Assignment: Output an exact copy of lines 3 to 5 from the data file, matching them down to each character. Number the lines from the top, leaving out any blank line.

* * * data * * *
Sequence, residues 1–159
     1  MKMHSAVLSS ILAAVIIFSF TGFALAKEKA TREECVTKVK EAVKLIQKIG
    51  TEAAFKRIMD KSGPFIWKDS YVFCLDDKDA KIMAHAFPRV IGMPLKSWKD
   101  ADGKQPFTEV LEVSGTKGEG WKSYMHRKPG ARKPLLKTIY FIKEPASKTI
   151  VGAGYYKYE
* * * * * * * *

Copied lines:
    51  TEAAFKRIMD KSGPFIWKDS YVFCLDDKDA KIMAHAFPRV IGMPLKSWKD
   101  ADGKQPFTEV LEVSGTKGEG WKSYMHRKPG ARKPLLKTIY FIKEPASKTI
   151  VGAGYYKYE